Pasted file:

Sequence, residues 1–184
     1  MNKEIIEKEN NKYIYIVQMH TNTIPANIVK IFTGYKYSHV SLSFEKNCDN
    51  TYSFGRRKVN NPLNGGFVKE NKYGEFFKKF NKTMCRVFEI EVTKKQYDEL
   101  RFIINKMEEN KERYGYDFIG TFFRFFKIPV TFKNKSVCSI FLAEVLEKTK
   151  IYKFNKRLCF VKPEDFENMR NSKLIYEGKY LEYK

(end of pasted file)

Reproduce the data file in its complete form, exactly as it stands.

Sequence, residues 1–184
     1  MNKEIIEKEN NKYIYIVQMH TNTIPANIVK IFTGYKYSHV SLSFEKNCDN
    51  TYSFGRRKVN NPLNGGFVKE NKYGEFFKKF NKTMCRVFEI EVTKKQYDEL
   101  RFIINKMEEN KERYGYDFIG TFFRFFKIPV TFKNKSVCSI FLAEVLEKTK
   151  IYKFNKRLCF VKPEDFENMR NSKLIYEGKY LEYK